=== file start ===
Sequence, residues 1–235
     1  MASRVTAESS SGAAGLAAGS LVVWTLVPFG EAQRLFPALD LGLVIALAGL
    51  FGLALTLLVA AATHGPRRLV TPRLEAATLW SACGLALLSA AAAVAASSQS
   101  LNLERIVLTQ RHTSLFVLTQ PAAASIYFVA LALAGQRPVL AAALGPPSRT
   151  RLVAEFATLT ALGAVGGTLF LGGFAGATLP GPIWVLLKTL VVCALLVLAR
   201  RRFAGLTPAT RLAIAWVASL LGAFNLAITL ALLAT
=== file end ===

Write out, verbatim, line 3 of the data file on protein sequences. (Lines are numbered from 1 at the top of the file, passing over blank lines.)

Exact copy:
    51  FGLALTLLVA AATHGPRRLV TPRLEAATLW SACGLALLSA AAAVAASSQS